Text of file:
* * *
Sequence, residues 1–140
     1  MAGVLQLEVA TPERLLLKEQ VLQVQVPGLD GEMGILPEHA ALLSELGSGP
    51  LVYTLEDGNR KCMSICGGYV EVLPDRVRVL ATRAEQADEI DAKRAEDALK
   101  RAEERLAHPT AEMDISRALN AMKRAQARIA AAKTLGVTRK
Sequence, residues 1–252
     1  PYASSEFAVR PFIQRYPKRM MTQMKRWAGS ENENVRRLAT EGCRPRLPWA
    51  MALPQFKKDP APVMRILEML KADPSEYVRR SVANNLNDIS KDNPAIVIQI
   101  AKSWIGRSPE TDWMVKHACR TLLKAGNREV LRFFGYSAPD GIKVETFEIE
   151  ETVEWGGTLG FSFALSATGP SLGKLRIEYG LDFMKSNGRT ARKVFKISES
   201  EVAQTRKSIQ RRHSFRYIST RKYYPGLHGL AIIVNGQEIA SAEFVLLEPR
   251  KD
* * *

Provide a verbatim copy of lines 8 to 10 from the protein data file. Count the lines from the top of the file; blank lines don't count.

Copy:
   101  AKSWIGRSPE TDWMVKHACR TLLKAGNREV LRFFGYSAPD GIKVETFEIE
   151  ETVEWGGTLG FSFALSATGP SLGKLRIEYG LDFMKSNGRT ARKVFKISES
   201  EVAQTRKSIQ RRHSFRYIST RKYYPGLHGL AIIVNGQEIA SAEFVLLEPR